Ulaanbaatar and the nature next doors

Ulaanbaatar was a breath of fresh air after almost two months in Russia, so very different from the Siberian towns and villages we had been stopping in. I can’t call it beautiful or even pretty, but it has a peculiar energy, something that’s difficult to define. It feels young and fast. Its mish-mash of exteriors combines modern glass skyscrapers with communist concrete blocks and gers, even a few European-looking buildings here and there.

The actual air wasn’t very fresh, however. The city traffic is heavy and during a walk out to Zaisan memorial at the city limit, you could almost feel your lungs turn black. When we left UB to go to the Gobi, the sky was blue enough for us to actually see the smog cloud hover above the city. A lot of the gers use coal for heating, which makes the winter air even worse, we were told.

Most of our time in UB was spent at the Naadam events or planning what to do next, but we managed to stop by the National Museum of Mongolia and the monastery Gandan Khiid, both which we’d recommend.

Sprawling as UB may be, nature is not far away. We took a day trip out to Khustain National Park to see the wild horses called takhi or Przewalski’s horse. It was a grey day with a bit of drizzle but we were rewarded with about 40 horses on the hills around us, some eyeing us cautiously, but most concentrating on food. The takhi was actually declared extinct in the wild in the 1970s, but has been successfully reintroduced in parks in Mongolia and there are now some 500+ wild horses living in the country.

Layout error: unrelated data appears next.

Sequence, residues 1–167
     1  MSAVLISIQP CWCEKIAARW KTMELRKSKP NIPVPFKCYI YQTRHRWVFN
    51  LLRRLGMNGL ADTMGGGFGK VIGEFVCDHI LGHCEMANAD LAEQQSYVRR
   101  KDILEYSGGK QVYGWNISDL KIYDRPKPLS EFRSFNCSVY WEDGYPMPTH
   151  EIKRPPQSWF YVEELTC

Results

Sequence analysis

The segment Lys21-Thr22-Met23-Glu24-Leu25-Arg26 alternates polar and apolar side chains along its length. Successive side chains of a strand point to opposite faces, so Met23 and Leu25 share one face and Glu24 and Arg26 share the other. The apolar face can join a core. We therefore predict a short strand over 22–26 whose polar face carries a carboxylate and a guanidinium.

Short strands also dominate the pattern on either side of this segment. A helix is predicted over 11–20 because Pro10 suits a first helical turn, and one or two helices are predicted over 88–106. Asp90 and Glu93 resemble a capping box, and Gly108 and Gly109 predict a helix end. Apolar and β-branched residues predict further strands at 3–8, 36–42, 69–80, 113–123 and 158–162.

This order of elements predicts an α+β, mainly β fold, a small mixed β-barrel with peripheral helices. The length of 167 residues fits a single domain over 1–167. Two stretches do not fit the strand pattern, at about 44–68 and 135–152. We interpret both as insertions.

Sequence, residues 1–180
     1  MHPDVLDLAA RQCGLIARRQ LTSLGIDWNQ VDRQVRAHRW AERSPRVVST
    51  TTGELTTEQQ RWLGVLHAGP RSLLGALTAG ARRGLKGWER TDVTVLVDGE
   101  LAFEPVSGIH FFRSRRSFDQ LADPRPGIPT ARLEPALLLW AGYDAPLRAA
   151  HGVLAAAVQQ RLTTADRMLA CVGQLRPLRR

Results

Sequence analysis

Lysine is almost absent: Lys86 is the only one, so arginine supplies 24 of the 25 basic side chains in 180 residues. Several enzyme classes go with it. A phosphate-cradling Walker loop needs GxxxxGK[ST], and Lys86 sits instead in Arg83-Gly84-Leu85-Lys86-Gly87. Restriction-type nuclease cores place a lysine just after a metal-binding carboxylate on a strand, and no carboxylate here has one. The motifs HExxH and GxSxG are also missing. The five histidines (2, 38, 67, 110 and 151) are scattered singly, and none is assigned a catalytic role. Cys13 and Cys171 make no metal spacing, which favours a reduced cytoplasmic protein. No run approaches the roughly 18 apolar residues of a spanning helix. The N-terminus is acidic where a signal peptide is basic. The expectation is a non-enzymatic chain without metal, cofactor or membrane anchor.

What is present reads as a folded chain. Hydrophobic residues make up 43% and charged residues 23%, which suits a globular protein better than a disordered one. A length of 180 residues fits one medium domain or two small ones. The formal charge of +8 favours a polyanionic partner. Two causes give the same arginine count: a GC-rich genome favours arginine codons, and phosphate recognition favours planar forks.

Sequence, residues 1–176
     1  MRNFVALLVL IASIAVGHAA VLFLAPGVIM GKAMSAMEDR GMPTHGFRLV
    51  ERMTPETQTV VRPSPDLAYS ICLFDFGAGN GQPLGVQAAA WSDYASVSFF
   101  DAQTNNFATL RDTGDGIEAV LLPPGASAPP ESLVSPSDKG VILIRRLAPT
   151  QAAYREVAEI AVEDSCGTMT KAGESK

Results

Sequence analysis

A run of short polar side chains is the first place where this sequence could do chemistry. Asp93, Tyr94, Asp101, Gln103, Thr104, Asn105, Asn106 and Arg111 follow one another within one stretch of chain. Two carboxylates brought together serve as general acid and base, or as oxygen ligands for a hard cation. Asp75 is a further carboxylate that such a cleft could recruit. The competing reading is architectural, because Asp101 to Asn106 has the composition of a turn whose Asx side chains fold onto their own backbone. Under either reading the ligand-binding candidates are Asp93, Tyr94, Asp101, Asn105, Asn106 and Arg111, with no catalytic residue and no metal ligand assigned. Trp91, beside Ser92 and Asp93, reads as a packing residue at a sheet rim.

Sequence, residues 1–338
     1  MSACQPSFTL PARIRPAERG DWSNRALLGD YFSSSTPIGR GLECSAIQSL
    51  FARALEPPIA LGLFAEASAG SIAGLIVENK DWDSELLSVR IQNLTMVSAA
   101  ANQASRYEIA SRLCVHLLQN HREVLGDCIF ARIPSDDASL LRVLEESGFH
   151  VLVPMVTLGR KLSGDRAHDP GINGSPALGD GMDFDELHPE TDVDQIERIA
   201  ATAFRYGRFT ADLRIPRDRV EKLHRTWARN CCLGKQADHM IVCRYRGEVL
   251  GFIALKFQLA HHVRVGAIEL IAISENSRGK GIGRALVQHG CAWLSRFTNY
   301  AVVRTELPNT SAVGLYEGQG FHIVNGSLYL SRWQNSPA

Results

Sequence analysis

We had put Gorkhi-Terelj National Park on our don’t-do-list after hearing it was a crowded tourist trap, but as our grand plans of heading on a biking adventure further west were squashed by Russian travellers booking all the train beds towards Vladivostok when we wanted them, we had to make some last minute changes or prepare to face uncomfortable visa questions. With only two days left in Mogolia, we headed for Terelj, stopping at the fairly new Genghis Khan statue nearby. The statue was big and shiny – beautiful in a way – but not as imposing as I had expected.

Terelj, on the other hand, was a positive surprise. It sure had more tourists than we had seen in Khustain or Gobi, but most of them were Mongolian, which was a fun change. We used a driver to get out there and around the main sights – a large rock shaped like a turtle and a pretty monastery with a gorgeous view – and he helped us find a guest ger with a family living in what felt like a camping area. The park was full of forests, rivers and small mountains and looked completely different from what we had seen in Khustain and the desert.

On our second day in Terelj we tested just how accurate the Mongolian statement “every car is a taxi” was. Result: Most cars aren’t taxis and if they are, they’re full. When we had been walking down the same road the day before people had stared at us, some drivers even slowing just to get a good look, but now we seemed utterly uninteresting. We finally got a ride to the main part of the park by an older couple on the back of their pick-up truck, the many bends in the road and the wind creating a bit of a roller coaster feel. It was easier the second time. We hardly got down the mountain we had used as lunch spot before a young man asked if we needed a lift to the nearby town of Nalaikh for the same rate as the bus fare. Perfect! In we went, sharing the back seat with a skinny, quiet guy in his early 20s, mutedly jerking his head to “Boys, boys, boys” playing on the radio like he would have wanted to dance his heart out, had it not been for the audience. I’ll miss Mongolia.


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